David Bourget (Western Ontario)
David Chalmers (ANU, NYU)
Rafael De Clercq
Jack Alan Reynolds
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Synthese 184 (3):407-430 (2012)
We often face a bewildering array of different explanations for the same social facts (e.g. biological, psychological, economic, and historical accounts). But we have few guidelines for whether and when we should think of different accounts as competing or compatible. In this paper, I offer some guidelines for understanding when custom or norm accounts do and don’t compete with other types of accounts. I describe two families of non-competing accounts: (1) explanations of different (but similarly described) facts, and (2) accounts which seem to differ but are really different parts or versions of the same underlying explanation. I argue that, while many types of apparent competitors don’t really compete with customs, there are some that do. I also describe some of the central problems, which suggest that custom accounts will compete poorly with their rivals.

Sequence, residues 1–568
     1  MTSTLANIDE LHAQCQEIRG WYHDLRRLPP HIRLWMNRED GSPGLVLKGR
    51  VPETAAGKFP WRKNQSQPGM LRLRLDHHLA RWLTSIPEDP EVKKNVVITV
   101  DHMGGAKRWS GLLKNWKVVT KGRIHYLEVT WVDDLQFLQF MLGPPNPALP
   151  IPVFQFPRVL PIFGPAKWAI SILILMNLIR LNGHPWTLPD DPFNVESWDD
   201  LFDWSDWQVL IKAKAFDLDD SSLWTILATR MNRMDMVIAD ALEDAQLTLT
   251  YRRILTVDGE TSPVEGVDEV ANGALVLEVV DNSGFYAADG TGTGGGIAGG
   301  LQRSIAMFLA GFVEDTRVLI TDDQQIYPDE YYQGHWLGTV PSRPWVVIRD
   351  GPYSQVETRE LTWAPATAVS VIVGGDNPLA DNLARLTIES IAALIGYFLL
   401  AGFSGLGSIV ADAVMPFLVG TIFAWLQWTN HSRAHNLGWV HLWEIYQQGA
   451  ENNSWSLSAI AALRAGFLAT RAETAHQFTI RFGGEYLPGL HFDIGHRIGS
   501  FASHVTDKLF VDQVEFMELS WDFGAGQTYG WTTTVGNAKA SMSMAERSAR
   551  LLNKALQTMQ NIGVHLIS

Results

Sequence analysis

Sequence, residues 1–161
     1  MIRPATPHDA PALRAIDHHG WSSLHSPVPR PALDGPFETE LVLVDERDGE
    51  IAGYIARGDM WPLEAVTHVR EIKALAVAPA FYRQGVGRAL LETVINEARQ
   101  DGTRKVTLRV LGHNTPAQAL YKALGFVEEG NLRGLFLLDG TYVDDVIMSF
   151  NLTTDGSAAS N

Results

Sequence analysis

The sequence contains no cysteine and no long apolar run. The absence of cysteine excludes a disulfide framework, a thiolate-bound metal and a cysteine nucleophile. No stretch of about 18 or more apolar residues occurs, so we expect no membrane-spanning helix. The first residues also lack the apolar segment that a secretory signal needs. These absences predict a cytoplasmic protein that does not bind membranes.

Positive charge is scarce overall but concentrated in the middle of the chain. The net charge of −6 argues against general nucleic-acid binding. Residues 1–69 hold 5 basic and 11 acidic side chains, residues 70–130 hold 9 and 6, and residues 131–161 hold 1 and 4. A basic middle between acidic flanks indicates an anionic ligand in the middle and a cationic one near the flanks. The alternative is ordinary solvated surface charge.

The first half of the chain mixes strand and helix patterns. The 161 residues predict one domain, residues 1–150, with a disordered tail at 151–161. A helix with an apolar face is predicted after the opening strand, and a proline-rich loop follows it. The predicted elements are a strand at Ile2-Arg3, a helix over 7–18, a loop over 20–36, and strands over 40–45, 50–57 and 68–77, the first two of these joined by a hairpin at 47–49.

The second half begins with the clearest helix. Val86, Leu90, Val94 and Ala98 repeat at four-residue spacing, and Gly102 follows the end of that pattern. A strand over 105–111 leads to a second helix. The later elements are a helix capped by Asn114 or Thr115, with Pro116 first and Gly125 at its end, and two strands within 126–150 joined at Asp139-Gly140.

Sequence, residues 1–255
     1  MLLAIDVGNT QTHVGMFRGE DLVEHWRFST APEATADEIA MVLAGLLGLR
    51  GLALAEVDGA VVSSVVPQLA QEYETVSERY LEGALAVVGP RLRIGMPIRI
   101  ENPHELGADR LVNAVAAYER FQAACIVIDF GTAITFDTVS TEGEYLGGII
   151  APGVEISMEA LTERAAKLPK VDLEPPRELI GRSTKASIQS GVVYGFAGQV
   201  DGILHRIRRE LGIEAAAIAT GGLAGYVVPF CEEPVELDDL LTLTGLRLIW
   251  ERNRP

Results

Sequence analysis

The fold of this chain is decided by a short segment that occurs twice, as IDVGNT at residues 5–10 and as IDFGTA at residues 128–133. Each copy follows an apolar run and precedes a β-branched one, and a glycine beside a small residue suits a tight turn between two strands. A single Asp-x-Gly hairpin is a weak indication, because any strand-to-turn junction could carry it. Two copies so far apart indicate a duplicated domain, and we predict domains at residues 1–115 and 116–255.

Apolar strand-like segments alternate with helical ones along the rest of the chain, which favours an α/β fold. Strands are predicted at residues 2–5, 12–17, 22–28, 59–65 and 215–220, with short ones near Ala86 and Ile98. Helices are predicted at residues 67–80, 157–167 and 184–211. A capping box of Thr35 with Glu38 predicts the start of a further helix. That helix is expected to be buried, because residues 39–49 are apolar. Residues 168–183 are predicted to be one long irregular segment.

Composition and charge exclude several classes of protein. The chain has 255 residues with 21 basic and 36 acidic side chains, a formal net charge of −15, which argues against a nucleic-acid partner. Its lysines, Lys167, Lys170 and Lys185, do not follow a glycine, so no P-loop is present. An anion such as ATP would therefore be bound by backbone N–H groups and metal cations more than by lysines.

|Keywords||Explanation Causation Levels Custom Norm Social science Disjunction|
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Thomas D. Bontly (2005). Exclusion, Overdetermination, and the Nature of Causation. Journal of Philosophical Research 30:261-282.
Paul M. Churchland (2005). Functionalism at Forty: A Critical Retrospective. Journal of Philosophy 102 (1):33-50.
Carl F. Craver (2007). Explaining the Brain: Mechanisms and the Mosaic Unity of Neuroscience. Oxford University Press, Clarendon Press.
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